LED matrix displays and flat-screen monitors have largely supplanted old-school electromechanical models for public signage. We think that’s a shame, but it’s also a boon for the tinkerer, as old displays can be had for a song these days in the online markets.
Such was the case for [John Whittington] and his flip-dot display salvaged from an old bus. He wanted to put the old sign back to work, but without a decent driver, he did what one does in these situations — he tore it down and reverse engineered the thing. Like most such displays, his Hannover Display 7 x 56-pixel flip-dot sign is electromechanically interesting; each pixel is a card straddling the poles of a small electromagnet. Pulse the magnet and the card flips over, changing the pixel from black to fluorescent green. [John] used an existing driver for the sign and a logic analyzer to determine the protocol used by the internal electronics to drive the pixels, and came up with a much-improved method of sending characters and graphics. With a Raspberry Pi and power supply now resident inside the case, a web-based GUI lets him display messages easily. The video below has lots of details, and the code is freely available.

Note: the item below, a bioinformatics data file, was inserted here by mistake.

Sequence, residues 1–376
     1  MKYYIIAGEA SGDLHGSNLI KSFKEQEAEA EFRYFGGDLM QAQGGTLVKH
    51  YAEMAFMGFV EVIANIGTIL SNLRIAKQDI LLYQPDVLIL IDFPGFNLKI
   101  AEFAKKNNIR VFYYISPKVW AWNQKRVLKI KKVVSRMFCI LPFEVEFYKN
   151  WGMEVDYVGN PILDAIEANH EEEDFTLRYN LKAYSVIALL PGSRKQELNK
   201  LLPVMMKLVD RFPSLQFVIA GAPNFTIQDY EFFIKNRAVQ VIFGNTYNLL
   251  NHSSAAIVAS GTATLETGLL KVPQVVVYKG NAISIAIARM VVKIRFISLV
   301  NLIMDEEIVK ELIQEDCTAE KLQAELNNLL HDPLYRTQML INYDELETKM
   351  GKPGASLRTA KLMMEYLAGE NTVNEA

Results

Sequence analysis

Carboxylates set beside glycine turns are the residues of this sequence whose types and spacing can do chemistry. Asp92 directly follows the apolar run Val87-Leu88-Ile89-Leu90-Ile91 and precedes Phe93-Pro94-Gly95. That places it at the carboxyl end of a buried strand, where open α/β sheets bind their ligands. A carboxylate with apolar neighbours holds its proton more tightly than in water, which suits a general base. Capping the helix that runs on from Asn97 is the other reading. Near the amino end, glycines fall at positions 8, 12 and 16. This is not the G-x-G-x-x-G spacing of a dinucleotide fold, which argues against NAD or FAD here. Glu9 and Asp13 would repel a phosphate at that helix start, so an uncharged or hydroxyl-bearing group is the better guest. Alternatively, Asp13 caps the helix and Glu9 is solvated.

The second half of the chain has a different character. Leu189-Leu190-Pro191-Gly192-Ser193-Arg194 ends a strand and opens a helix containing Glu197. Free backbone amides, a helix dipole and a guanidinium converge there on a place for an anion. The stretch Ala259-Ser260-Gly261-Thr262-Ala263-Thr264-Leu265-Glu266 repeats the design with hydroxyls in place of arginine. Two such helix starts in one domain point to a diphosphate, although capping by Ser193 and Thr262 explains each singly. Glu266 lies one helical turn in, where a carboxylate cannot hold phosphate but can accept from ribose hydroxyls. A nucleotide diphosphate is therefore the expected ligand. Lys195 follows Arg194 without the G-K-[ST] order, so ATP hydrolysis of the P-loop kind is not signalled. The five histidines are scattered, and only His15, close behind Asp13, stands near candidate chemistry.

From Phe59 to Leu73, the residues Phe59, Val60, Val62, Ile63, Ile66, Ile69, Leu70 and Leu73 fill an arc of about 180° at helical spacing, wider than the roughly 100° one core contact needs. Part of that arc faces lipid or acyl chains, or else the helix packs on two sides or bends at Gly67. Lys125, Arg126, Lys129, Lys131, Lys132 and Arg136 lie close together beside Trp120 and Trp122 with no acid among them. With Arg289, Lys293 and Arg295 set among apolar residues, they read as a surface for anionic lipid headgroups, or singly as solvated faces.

You may recall [John] from a recent edge-lit Nixie-like display. Looks like he’s got a thing for eye-catching displays, and we’re fine with that.